Commission created to help schools assess without levels
Teachers will no longer be expected to tell parents whether their child is working at a similar level to others at the same age, according to schools minister Nick Gibb.
Speaking exclusively to TES, Mr Gibb said assessments will only need to show how a child is performing against that school’s curriculum – not whether that performance is similar to others around the country.
The government scrapped the national system of assessment, in which children were assessed as being at one of eight national curriculum levels in September 2014, branding it ‘vague’. Instead schools have been told to create their own ways of assessing children, which will be evaluated by Ofsted.
The decision has been controversial, and today the government has announced that it is setting up a commission to help schools find new ways of assessing their pupils’ progress. The Commission on Assessment Without Levels will be chaired by John McIntosh, former headteacher of the London Oratory School.
The commission will be responsible for identifying and disseminating best practice, but Mr Gibb said that these models will not be imposed.
“This is information that’s going to be available,” he said. “Ofsted are not going to say we expect you to use this approach.”
National tests and teacher assessments at ages 7 and 11 and GCSEs at age 16 will remain in place to show how students compare to others nationally at those points.
“We have these national benchmarks, and it’s for a school to decide how it wants to go from where they are today to reaching those benchmarks… and that journey may vary depending on the cohort of pupils, the school, their curriculum and their pedagogy.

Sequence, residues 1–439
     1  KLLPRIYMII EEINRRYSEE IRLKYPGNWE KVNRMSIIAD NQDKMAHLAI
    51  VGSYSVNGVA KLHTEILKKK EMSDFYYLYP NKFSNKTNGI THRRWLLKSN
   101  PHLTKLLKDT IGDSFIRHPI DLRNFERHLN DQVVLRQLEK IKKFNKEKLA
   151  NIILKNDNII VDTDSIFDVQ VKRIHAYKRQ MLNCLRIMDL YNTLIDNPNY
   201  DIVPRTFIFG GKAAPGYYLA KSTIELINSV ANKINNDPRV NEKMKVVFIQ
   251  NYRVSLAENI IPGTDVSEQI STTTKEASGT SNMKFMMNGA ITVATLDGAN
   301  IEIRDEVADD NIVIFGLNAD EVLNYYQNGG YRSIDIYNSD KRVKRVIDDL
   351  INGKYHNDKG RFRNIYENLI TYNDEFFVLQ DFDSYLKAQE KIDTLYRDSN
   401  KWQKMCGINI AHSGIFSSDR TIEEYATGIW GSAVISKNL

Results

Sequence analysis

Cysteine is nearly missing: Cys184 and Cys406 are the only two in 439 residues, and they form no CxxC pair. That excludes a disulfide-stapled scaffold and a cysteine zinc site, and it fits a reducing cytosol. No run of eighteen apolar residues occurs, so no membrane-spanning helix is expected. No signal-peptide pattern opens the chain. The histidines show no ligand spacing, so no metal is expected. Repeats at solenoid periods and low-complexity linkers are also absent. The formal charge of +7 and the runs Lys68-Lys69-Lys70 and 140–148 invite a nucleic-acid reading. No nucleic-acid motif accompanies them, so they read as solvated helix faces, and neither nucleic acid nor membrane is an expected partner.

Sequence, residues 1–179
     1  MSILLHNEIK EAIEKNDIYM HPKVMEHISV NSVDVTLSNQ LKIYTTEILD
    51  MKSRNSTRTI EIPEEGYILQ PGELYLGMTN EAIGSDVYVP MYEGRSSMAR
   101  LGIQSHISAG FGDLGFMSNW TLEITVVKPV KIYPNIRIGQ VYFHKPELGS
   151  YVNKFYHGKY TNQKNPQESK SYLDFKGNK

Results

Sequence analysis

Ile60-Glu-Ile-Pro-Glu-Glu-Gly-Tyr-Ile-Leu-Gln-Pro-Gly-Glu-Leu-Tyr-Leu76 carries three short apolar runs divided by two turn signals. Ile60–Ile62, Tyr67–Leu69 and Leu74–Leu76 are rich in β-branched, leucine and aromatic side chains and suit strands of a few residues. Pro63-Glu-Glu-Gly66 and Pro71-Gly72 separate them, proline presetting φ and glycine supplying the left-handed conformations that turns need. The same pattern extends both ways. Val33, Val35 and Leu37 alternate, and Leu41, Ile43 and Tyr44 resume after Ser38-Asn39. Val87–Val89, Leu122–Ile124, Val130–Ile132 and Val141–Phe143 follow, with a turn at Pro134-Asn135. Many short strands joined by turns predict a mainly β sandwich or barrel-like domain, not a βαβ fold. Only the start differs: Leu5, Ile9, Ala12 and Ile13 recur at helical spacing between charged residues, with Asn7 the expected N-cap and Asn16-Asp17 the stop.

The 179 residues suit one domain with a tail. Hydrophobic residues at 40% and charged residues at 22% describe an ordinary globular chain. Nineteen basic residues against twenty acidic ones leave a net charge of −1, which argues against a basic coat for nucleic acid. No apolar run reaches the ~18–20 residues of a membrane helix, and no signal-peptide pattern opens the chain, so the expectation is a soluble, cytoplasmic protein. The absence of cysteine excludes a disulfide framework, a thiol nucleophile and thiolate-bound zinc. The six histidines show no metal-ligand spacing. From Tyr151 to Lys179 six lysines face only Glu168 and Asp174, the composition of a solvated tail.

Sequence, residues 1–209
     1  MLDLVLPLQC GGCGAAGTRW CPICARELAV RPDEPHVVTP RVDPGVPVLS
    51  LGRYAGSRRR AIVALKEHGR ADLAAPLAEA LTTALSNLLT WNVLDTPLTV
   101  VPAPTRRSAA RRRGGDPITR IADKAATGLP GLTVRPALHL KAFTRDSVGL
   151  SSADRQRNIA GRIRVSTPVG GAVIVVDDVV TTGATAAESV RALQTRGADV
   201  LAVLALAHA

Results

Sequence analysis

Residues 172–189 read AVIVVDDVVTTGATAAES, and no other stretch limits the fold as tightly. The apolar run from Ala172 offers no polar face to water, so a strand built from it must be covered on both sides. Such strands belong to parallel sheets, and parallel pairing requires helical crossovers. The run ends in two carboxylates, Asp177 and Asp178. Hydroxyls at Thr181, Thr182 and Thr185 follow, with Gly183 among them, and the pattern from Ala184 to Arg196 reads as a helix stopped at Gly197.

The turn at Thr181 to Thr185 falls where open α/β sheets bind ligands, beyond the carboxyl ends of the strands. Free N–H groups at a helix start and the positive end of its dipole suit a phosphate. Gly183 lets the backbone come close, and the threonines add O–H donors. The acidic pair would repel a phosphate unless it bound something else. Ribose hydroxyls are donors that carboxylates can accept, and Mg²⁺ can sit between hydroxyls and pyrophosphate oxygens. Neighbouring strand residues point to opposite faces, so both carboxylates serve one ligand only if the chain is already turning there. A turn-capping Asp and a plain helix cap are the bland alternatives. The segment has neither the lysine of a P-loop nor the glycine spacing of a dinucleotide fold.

“We’ve got to trust the profession to know how they are going to bring that child up to the level they need to be by the time they leave primary school and by the time they leave compulsory education."
The decision to scrap levels was made after an expert panel which reviewed the curriculum said they led to pupils labelling themselves as a particular level – rather than linking hard work to achievement.
The levels were also quite broad meaning that children at the same level could not always do the same things.
Dr Mary Bousted, general secretary of the ATL, said: “Schools have been asking for support since the government first announced that levels would be removed. So while this may be useful, we could have done with it 18 months ago.
“We do agree that levels had become unhelpful but schools are already working hard to implement new systems and approving new software, and this could just confuse matters further. It remains unclear the extent to which Ofsted is able to effectively inspect an assessment system that is becoming increasingly diverse and nuanced.”